Not many people remember the name Juan Terry Trippe.
But, Keys aviation history begins with Trippe, who got the first government contract to fly mail between the U.S. and Cuba.
That Pan Am airmail service began Oct. 18, 1927 when a rented plane dubbed “La Nina” flew the 90 miles from Key West to Havana carrying mail between the two countries.
Passenger service on Pan Am began Jan. 16, 1928 when Trippe’s fledging airline began the first scheduled US flag commercial passenger service between the Southernmost City and Havana.
That’s just one milestone in Keys aviation history and preserving that legacy is part of the mission at the EAA Air Museum at Florida Keys Marathon Airport.
Funded by the Experimental Aircraft Association (EEA) Chapter 1241 and by donations from visitors, the museum operates out of rented space with one hangar and some adjoining space where a 1942-era military DC3 is open for tours.
The bright green logo on the DC3 declares its last commercial mission was ferrying passengers for Ozark Air, a regional carrier that operated in the Midwest.
But the plane has an even more colorful history to tell. Shortly after it came off the assembly line in 1942, the plan was assigned to the U.S. Navy and spent some time in Jacksonville, Fl. It was also assigned to duty with the Army Air Corps (later, to become the U.S. Air Force).
Some of the DC3s built during the war are still flying, mostly in South America, says Ed Waldorf, who heads up the EAA chapter’s Young Eagles program in Marathon and helps volunteer at the museum, which has seen a large increase in visitors since the DC3 returned to Marathon.
It’s on loan from the Prairie Aviation Museum of Bloomington, Ill. And is owned by a retired businessman who lives part of the year in the Keys.
The plane has a colorful history in private service, including time spent carrying passengers for a wealthy Texas oilman, H.H. Coffield.
Visitors to the museum can climb aboard the DC3 and see the seat where Grace Kelly - before she became Princess Grace of Monaco - sat on a flight to Houston.
Inside the hangar, visitors can climb aboard a Beechcraft Model 18, which was a twin-engine workhorse deployed by the military to carry officers during World War II.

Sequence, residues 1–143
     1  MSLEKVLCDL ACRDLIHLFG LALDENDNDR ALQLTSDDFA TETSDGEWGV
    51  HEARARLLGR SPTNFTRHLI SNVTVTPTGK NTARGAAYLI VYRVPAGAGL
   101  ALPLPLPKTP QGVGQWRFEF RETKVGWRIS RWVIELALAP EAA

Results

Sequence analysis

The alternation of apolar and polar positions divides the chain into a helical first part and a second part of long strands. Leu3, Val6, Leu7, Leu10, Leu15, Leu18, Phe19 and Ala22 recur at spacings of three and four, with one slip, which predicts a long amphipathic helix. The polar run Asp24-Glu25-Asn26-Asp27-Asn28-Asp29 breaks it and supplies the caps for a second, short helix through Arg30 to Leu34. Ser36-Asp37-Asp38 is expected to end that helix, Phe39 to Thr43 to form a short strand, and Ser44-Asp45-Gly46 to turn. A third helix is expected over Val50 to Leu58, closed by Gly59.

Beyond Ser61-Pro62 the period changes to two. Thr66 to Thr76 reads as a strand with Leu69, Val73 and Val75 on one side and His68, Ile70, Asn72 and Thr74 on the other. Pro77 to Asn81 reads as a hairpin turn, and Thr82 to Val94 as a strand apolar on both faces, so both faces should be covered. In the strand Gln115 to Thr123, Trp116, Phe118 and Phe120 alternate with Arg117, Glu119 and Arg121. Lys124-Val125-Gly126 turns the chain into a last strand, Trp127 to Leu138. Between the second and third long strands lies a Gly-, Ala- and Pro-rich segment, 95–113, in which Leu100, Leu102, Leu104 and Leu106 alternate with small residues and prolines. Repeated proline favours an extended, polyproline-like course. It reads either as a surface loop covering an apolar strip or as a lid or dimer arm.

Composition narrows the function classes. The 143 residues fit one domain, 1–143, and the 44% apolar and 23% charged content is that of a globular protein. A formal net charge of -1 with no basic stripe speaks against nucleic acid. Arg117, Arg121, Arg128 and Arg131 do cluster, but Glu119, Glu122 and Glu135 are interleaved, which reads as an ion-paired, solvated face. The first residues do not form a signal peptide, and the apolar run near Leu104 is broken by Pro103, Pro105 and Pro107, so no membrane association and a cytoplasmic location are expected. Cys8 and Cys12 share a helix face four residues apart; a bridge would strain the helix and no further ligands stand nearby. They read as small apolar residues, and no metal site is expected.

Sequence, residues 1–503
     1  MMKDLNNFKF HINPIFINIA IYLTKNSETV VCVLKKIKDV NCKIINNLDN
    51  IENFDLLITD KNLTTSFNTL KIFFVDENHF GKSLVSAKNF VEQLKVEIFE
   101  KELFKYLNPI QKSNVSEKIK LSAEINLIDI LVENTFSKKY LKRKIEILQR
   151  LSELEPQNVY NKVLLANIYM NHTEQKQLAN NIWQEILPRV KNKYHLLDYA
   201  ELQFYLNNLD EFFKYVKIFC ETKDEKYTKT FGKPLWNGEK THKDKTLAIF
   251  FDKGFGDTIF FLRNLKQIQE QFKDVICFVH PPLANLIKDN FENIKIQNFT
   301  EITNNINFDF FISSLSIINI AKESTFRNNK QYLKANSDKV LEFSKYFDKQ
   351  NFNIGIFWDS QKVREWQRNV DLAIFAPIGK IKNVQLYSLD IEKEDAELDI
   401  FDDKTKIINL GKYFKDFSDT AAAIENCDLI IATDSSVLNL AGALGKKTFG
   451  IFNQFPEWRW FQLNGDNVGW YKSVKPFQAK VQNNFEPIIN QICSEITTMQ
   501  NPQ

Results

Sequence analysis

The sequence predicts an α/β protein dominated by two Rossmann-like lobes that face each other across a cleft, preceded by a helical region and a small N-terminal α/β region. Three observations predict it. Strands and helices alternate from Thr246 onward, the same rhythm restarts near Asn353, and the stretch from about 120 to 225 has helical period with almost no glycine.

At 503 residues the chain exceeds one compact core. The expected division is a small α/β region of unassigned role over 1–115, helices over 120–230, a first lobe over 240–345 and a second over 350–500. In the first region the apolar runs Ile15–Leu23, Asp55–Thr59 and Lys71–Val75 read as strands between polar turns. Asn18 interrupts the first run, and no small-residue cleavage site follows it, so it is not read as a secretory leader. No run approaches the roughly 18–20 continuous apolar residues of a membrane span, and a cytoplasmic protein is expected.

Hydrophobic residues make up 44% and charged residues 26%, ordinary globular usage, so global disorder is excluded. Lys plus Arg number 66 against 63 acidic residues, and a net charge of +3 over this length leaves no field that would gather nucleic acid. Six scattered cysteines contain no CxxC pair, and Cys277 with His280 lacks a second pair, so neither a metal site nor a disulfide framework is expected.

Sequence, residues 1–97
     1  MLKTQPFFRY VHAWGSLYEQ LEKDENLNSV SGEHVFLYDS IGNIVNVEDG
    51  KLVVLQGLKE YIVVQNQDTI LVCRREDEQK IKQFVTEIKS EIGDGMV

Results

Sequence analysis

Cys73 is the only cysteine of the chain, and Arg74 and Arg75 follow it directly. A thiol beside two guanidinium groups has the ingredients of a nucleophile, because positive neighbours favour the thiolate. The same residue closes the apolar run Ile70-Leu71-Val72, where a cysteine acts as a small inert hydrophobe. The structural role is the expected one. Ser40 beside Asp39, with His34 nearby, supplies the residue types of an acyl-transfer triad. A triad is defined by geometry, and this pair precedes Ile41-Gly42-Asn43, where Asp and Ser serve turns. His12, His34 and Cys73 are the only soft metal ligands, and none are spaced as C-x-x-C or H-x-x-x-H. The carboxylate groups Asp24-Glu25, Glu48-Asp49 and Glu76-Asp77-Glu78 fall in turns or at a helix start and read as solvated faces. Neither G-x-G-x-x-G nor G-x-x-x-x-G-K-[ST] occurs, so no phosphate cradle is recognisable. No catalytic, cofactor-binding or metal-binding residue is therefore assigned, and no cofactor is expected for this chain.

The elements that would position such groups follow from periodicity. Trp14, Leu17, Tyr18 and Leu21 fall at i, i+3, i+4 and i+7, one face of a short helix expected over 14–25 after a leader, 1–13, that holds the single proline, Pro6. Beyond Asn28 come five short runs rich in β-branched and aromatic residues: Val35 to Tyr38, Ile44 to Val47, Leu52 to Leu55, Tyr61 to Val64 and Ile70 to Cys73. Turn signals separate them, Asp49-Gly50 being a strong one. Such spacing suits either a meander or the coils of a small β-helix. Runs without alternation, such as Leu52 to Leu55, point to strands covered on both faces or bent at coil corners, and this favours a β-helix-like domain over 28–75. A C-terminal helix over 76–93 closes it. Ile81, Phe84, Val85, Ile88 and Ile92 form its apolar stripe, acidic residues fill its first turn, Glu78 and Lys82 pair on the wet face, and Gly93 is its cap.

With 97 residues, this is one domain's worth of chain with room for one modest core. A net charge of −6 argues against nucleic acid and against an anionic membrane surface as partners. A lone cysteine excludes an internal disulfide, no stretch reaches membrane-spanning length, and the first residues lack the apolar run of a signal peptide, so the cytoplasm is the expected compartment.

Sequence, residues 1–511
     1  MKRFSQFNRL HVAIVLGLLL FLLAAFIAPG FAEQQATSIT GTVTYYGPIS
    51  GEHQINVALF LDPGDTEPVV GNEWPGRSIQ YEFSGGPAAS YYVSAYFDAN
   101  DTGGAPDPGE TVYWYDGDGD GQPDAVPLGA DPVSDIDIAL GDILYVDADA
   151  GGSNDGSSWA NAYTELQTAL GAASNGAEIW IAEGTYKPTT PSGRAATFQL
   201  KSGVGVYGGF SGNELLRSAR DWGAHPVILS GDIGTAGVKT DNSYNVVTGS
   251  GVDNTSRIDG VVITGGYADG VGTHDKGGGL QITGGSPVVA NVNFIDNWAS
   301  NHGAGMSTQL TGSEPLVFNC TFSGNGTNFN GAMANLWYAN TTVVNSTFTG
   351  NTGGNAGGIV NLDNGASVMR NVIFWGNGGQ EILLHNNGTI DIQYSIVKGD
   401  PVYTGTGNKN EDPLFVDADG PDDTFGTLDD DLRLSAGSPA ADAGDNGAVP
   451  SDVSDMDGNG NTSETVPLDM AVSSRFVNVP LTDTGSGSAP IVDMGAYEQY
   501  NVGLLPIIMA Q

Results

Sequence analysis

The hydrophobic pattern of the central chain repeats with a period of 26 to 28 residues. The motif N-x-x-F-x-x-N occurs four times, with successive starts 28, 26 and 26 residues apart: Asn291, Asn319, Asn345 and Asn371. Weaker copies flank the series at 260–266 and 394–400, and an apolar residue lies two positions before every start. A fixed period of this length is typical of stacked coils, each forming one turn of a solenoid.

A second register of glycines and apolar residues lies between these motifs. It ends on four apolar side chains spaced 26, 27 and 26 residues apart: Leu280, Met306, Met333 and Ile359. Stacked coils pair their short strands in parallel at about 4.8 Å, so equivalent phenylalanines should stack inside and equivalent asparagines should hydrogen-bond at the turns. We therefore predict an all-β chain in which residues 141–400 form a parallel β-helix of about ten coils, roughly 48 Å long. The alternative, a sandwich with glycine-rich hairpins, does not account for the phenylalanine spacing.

The same model Beechcraft also was the first passenger plane flown by Phillipines Airlines, Asia’s first and oldest airline.
Avery Loucks, director of operations at the Marathon museum, said that model was favored because it could land and takeoff in some rugged conditions. And it could carry cargo as well as passengers. During World War II, it was known as the C-45.
Some wonder why an air museum in Marathon, since Key West had a much earlier aviation history?
Well, because EAA member Tony Daiuto had a thing about planes. He loved to build them and fly them and get others to be as enthused. He helped spark the idea of a museum at the airport a dozen years ago, Waldorf says.
In the early days, it was mostly tucked away in a corner of the Marathon terminal, then space constraints reduced it to a few showcases.
And then the EAA members persuaded county airport managers to help find a more permanent home. The artifacts, memorabilia, books and two still-servicable WW II-era planes have found their home at the north end of the field, next to Marathon General Aviation’s office and hangar (across U.S. 1 from Marathon city hall).
The landing field at the Florida Keys Marathon Airport also has a World War II connection.
Belcher Oil built the landing strip for the Coast Guard in 1942-43. “It was designed to be a reliever airport for planes in trouble flying from Miami-Ft. Lauderdale to San Juan, P.R.,” Waldorf says.
At that point in the war, military planes ferried cargo and troops from the U.S. to Brazil and then a transatlantic hop to Africa, he said.
There’s a lot more history on display at the small museum, which operates from 10 a.m. to 4 p.m. daily during season. Admission is free, but donations are welcomed.
And while you’re there, be sure to have kids try the flight simulator while adults can read about the history of Pan American World Airways, Juan Trippe and the role the Florida Keys played in this country’s early aviation history.
There’s also a rare photo of Capt. Eddie Rickenbacker, World War I flying ace, who helped found Eastern Airlines in the 1930s. That had a Keys connection too, merging Eastern Air Transport and Florida Airways. The photo shows the medal-of-honor winner at a ground-breaking ceremony in Miami (Rickenbacker was president of Eastern from 1938 until he retired in 1963).
For more information about the air museum, call 305-432-1145 or visit: www.1241.eaachapter.org.
The Experimental Aircraft Association, Chapter 1241, will sponsor an Aviation Day on Saturday, Mar. 30, at Key West International Airport. This is the weekend following a Key West visit by the Navy’s precision flying team The Blue Angels.
The chapter’s Young Eagles program, which offers scholarships for students interested in pursing careers in aviation, will sponsor free airplane rides for interested students at the Mar. 30 event. All students ages 8 to 17 are eligible.
Pilots donate their time and their planes for the Young Eagles Rally.
For more information, visit: www.1241.eaachapter.org.